Babbi: And then he ended up being a teacher there and I convinced my mother to sign me up for classes. She would say it was the best fifteen cents she ever spent.

Royal: How do you feel about the changes in the Lower East Side?

Zayde: Inevitable. In many ways regrettable.

Royal: What does performance mean to you in your life?

Babbi: I was certainly a performer as a professor. I enjoyed that aspect of it.

Zayde: My father was a cantor, I used to spend my hours listening to him rehearse for his performances in the synagogue. He sang his heart out. In addition to studying art and art history for many years, I also had a career as a rabbi and you have to realize you are a performer when you lead a congregation.

Babbi: For me I also think it was about competition. I had so many other children to compete with like my twin sisters, that I felt I had to act things out to gain attention.

Zayde: I translated my father’s memoirs from Yiddish and I would read them aloud. This too was a kind of acting performance. I put my soul into trying to recreate what my father had lived through.

Royal: Interesting that performance is equated to emotional connection. You want love, attention or understanding and in order to get those things you have to act out.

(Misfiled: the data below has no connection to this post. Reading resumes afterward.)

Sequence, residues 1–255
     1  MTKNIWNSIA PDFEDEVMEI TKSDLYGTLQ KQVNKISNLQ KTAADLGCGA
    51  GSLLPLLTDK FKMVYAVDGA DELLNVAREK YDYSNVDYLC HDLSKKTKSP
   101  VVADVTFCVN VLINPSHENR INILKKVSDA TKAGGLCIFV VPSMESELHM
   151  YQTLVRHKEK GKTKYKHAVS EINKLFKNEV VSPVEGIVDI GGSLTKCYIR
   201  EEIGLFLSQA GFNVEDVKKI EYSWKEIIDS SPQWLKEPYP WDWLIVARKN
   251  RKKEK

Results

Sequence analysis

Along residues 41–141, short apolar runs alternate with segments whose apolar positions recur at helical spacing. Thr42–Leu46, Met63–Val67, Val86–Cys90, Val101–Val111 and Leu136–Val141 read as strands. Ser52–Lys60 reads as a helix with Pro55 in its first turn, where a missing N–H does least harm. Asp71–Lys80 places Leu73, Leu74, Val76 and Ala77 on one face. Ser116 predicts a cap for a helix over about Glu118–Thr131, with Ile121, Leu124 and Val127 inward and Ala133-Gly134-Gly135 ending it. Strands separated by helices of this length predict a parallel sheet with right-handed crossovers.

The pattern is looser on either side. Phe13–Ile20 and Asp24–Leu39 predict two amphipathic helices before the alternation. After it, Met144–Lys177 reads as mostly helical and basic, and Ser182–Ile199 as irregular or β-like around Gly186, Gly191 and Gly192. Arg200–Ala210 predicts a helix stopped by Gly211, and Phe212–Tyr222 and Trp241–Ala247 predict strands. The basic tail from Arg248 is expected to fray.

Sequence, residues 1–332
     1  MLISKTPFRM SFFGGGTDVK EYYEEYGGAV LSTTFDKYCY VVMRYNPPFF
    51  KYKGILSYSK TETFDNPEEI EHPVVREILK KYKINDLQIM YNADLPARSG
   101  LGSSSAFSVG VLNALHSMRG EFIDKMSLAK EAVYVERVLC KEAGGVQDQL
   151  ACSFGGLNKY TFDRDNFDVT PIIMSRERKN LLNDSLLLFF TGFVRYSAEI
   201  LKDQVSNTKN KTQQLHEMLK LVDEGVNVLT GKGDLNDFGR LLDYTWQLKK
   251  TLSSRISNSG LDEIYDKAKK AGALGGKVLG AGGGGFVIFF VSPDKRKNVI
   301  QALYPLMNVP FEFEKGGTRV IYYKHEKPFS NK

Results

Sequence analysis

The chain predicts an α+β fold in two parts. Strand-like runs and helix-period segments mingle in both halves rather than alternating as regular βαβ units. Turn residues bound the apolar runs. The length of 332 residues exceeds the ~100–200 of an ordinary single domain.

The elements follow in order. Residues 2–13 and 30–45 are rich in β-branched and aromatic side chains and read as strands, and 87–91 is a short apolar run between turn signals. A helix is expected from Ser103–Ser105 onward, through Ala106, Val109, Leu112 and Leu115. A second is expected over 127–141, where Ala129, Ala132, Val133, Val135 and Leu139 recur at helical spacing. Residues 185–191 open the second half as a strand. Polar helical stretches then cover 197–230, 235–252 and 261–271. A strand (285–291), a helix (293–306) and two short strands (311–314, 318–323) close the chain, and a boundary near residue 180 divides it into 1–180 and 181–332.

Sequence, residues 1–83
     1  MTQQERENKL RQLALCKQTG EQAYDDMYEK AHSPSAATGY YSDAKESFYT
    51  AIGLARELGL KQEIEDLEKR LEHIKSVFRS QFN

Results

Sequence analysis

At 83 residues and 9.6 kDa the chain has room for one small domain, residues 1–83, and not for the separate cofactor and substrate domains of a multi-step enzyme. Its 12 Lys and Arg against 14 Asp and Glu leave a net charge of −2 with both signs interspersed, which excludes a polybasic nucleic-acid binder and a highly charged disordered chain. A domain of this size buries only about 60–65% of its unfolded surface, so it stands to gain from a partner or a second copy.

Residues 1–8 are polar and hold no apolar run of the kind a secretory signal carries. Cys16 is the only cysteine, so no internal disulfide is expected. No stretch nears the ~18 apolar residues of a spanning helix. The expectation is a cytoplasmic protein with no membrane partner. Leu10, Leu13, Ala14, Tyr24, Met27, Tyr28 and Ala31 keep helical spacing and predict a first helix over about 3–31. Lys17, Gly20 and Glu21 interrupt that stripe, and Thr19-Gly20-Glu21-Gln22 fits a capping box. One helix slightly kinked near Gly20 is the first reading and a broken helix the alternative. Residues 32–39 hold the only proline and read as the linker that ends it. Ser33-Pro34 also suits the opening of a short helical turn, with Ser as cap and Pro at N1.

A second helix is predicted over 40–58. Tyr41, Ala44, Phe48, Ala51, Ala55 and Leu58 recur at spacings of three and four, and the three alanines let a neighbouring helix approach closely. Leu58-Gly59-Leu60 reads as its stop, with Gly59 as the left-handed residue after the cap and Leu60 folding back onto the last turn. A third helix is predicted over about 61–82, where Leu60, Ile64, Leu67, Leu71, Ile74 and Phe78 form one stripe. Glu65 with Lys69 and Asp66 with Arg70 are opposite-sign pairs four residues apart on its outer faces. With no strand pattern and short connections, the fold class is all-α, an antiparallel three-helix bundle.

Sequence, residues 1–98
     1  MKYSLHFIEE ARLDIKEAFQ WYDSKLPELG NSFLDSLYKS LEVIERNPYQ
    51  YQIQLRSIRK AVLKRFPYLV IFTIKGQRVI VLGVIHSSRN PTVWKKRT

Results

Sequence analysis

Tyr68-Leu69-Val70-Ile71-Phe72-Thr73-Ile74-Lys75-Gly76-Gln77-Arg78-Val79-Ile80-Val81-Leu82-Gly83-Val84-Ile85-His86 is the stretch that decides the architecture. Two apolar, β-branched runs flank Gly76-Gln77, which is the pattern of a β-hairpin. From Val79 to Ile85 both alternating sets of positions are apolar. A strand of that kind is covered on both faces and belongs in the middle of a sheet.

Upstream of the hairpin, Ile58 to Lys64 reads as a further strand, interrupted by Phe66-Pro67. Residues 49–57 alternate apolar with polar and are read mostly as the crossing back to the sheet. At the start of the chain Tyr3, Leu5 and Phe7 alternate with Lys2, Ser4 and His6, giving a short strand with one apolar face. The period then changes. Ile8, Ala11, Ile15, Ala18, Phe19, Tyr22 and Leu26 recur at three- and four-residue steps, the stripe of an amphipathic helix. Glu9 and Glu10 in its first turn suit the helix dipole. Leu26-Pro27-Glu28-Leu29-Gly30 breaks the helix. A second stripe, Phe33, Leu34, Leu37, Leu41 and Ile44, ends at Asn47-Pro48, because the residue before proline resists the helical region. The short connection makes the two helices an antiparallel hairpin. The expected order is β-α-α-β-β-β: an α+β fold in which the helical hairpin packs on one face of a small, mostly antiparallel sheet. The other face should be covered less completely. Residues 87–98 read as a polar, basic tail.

Babbi: Yes, of course you do. I could perform in front of my relatives all the time and I got presents for it, good food, nice cookies [laughs].

Royal: [laughs] So you had to sing for your supper!

Babbi: Yes.

Zayde: It’s not a compulsion, but it’s very satisfying.

Royal: But for you performance is not equated with fame. I think for the modern mentality it is.

Babbi: For me, performance is equated with love.

Royal: How do you feel about fame?

Zayde: Fame can be a terrible burden. It could hang around your neck. Be careful what you wish for when you wish for fame. The striving for fame can overwhelm you.

Royal: Now everyone knows about celebrity.

Zayde: [laughs] Yes, ever since Andy Warhol saying everyone was entitled to fifteen minutes of fame. I don’t agree with fame for its own sake. If you are talented and work and receive recognition for your art, fine. That’s about as far as I go. I like to feel people can appreciate what I offer, but it’s the offering of it that is more important than receiving accolades.

Babbi: Not celebrity, but the important level is that people recognize you do good work. If you know who you are and can project that, it’s so much better for you. People will listen to you if you know who you are.

Royal Young's debut memoir Fame Shark will be released later this month from Heliotrope Books.